Newsletter #54 - 20 November 2017
This past week, the focus has been on briefing the four locally-based Members of Parliament about planning for the potential growth and transport demands in the Warkworth area. On the Hill Street front, there is again nothing new to report.
NOTE: This week's issue has many graphics that can be enlarged by clicking on them. Then, they can also be downloaded by right clicking and then saving on your device.
In the absence of action, we’ve been driving around Auckland and looking at how other growth areas are coping. The story is disturbing. The Auckland planning department are allowing intensive suburbs at a faster rate than Auckland Transport can reconfigure intersections to cope with changing traffic patterns.
For example, Riverhead (http://bit.ly/2iy7OcB) is a maze of unconnected new subdivisions on a grid of old unformed paper roads. See for yourself:
Even if there is a structure plan or a network of paper roads, Auckland Council allows developers to do what they want. This is endemic with the number of non-notified resource consents issued for non-complying activities. You wonder, what’s the point of communities framing ‘sustainable’ plans when council planners unilaterally ignore them? It seems that the council is determined to lower our expectations of them.
Warkworth has a similar history and there are no signs of Auckland Council acting any differently. Even the most recent subdivisions have paper roads that do not logically connect with neighbouring properties. Look at all the unformed or closed paper roads in this map:
The lack of an interconnected road network puts strain on the few roads that do connect. Hence, the amount of traffic that needs to use the Hill Street intersection.
But even the proposed order of the construction of the ‘ringroad’ around Warkworth lacks logic. In fact, it is in the reverse order of need. The largest growth in traffic has been on Sandspit Road. The Sandspit Link is ‘last off the rank’, after the Matakana Link. The Western Collector may be built first when Hudson Road already provides a link to the west. According to the business case for the Matakana Link, it would be optimal is the Matakana Link and Sandspit Link were completed at the same time.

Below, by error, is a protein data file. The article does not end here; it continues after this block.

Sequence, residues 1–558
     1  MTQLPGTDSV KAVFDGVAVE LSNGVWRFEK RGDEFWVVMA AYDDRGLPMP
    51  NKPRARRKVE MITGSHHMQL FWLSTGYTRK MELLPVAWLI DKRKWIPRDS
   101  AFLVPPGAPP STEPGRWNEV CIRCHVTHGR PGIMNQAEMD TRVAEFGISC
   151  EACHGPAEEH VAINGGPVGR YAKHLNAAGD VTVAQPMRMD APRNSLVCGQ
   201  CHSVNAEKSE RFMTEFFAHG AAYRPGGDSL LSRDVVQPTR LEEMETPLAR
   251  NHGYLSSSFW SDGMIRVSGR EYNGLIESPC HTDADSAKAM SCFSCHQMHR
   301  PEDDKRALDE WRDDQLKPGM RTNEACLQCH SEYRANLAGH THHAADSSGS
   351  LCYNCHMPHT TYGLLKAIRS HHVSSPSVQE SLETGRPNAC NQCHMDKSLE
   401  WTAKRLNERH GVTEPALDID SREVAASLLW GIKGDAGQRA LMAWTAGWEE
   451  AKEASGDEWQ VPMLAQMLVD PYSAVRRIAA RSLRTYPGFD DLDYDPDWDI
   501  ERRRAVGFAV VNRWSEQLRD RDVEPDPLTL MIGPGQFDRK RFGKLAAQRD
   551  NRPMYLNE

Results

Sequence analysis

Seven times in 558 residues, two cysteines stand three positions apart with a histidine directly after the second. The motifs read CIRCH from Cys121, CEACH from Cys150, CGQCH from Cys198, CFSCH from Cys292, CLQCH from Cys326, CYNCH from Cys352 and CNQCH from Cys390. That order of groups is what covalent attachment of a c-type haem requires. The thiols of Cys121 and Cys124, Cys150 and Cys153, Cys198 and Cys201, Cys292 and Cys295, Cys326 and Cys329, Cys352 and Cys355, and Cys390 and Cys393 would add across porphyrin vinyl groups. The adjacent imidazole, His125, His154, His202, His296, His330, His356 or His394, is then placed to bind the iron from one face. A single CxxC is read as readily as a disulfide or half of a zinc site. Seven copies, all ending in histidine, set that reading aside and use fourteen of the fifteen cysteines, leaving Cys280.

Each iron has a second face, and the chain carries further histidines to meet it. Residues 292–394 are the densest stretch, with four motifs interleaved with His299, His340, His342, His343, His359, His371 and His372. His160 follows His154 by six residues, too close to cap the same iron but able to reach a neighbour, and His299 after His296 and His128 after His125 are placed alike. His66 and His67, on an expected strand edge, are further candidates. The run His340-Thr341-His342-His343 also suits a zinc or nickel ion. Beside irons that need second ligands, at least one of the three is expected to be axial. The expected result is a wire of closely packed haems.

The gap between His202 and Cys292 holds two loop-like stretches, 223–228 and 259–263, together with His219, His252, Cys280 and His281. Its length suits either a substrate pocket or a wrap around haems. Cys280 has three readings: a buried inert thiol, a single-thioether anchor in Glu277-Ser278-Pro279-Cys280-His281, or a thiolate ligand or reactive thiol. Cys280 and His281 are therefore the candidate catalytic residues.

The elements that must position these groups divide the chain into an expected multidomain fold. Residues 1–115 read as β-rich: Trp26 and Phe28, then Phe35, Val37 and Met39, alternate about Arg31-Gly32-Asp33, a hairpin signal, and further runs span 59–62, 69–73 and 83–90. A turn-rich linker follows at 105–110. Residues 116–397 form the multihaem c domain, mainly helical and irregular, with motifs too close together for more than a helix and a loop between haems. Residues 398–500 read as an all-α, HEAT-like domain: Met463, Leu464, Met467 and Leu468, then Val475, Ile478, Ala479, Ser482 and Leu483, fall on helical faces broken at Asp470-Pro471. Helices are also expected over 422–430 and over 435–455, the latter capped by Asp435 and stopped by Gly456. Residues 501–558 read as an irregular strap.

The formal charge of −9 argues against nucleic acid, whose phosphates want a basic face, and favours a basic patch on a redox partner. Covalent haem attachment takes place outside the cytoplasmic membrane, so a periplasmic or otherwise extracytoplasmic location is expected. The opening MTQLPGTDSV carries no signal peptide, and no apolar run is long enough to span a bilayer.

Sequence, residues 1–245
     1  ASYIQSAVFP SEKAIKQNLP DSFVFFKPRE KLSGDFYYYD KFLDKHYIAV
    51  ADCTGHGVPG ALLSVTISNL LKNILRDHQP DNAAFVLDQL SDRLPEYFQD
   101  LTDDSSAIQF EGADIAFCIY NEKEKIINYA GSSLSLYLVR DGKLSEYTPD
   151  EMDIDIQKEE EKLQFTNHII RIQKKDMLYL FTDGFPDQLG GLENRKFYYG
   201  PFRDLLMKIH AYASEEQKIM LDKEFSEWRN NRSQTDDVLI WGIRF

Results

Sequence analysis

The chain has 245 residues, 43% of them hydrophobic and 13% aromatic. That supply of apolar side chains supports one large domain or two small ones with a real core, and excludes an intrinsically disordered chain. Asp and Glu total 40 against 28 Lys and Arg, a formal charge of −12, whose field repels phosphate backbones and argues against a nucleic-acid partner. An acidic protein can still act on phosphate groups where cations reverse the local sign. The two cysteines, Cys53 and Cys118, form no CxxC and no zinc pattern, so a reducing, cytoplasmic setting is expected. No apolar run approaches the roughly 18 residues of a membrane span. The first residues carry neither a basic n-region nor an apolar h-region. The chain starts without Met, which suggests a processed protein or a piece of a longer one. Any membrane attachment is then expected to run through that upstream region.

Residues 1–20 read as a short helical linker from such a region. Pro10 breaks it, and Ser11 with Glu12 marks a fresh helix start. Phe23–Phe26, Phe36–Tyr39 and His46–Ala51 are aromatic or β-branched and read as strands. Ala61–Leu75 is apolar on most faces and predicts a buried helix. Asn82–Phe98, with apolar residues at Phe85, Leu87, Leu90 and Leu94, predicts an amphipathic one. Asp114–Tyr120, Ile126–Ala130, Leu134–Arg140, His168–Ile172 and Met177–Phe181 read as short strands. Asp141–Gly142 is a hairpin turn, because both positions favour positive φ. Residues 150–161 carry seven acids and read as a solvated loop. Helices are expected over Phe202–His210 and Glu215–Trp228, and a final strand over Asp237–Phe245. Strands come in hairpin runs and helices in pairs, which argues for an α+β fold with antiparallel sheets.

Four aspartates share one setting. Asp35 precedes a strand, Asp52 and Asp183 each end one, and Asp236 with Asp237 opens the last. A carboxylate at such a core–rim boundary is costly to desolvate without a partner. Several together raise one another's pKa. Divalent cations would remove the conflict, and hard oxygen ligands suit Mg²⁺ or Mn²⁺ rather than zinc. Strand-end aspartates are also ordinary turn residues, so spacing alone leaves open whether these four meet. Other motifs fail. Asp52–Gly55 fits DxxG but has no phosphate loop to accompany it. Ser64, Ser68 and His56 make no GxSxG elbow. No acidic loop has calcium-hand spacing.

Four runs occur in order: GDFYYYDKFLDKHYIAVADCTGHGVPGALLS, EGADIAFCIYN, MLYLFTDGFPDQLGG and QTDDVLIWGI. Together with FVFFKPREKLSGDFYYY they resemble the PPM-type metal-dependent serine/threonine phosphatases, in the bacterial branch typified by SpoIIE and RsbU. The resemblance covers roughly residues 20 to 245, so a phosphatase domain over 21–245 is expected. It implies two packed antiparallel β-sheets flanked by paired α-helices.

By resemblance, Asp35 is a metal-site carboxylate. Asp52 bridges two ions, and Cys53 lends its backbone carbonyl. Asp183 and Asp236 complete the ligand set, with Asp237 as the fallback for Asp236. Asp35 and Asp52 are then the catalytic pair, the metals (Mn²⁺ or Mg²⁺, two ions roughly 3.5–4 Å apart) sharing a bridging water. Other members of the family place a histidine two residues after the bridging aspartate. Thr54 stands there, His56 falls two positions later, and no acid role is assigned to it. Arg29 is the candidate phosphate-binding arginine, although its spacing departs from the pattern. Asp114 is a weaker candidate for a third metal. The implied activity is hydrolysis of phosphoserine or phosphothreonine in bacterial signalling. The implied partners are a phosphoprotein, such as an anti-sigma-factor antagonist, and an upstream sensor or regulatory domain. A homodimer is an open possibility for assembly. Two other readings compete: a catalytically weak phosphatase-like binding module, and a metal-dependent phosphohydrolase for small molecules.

Whereas the Warkworth area relies heavily on the Hill Street intersection as a hub, Riverhead has a network of arterials to connect with the State Highway network. There are a combination of roundabouts and t-shaped intersections. Locals rely on Google Traffic to find the intersection with the least congestion. It is interesting to see what works and what doesn’t.
The short-term upgrades to the Hill Street intersection puts us in a conflicting position. Based on the NZTA’s public statements and previous designs, we know they prefer traffic lights to roundabouts. Auckland Transport has conjured up a combination of traffic lights and barriers. Auckland Council has built a roundabout in Kowhai Park. Should we support a traffic light-based short-term solution if it risks being the long-term solution?
NZTA has given Auckland Transport $2million for the investigation and design of a major upgrade. Traffic sensor equipment (those beige boxes at the side of the road) have appeared on all branches of the intersection some distance from the intersection. Could this equipment be simply counting traffic or form part of a linked traffic light system?
We haven’t received any straight answers but would appreciate if the equipment was part of the traffic monitoring. We hope that Auckland Transport has good data.
Anyway, transport engineer Roger Williams has been keeping in regular contact with Auckland Transport. As an alternative to the barrier, he has offered several alternatives. Here is the latest, seen in the Mahurangi Matters (http://bit.ly/2jBZKLa):
At approximately the same time as the Northern Gateway Tollway started construction under the last Labour Government in 2008, a project commenced for a major upgrade of Hill Street, culminating in this design in 2010: